The upper river, for example, meanders through the remnant part of
the Park above the lake, far from any road. The source itself lies
outside the Park, tucked away even more remotely inside the
Bridger-Teton Wilderness of Wyoming. You can get to the upper
river by boat up the lake, by horseback, or by a long backpack
trip. But you'll never see it if you have to drive to it.
The canyons, both the Grand and Black, are difficult to get into,
more difficult to move along. Most access is at points along
trails, where you can fish a few pools or runs, then have to climb
back up, hike to the next access point, descent to fish again.
Atlantic Creek, Yellowstone Headwaters
Most trout in the upper river, and its tributaries like
Thorofare, are not resident. They live on the lake [Yellowstone Lake]
and move up to spawn as soon as the water begins to drop after
snowmelt torrents tear through. At this elevation - nearly 8,000
feet- spring comes late. Runoff typically last until early
July. Trout finish spawning and back down from the tributaries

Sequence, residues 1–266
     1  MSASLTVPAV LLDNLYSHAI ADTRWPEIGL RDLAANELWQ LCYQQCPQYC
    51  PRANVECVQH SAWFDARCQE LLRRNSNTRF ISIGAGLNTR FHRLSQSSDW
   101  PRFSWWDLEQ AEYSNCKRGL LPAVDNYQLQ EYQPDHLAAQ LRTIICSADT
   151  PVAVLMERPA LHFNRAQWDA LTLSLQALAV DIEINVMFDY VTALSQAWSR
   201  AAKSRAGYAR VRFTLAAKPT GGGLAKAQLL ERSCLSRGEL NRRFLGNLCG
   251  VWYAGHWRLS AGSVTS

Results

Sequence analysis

soon after that. They hang out for weeks in the bemeadowed upper
river, furnish it with fish out of proportion to its meager carrying
These lake fish are far larger than you would expect from the size
of the stream. They average sixteen inches. The largest weighed
over three pounds. [These spawning fish are cutthroat]. . .
Heed a couple of cautions about the upper river. First, the
silty bottom can get stirred up by a storm. It also comes back
into shape quickly. If you go there, give yourself a few fishing days
so you'll be sure to have some time when the water is clear. Second,
mosquitoes are fierce in the marsh that is the old lakebed. We
went to the area in late August, after the sun had a chance to
bake the meadows dry. In July, when you can first fish the river,
they might carry off your camp.
The best timing for a trip into the upper river has to hit a fairly
narrow window: after the runoff ends in July, before the trout
back down in September. I would advise the last two weeks of
August. You'll see slightly fewer fish, but still catch plenty.
You won't get devoured by mosquitoes. In September the weather
becomes risky [snow], and the numbers of trout dwindle.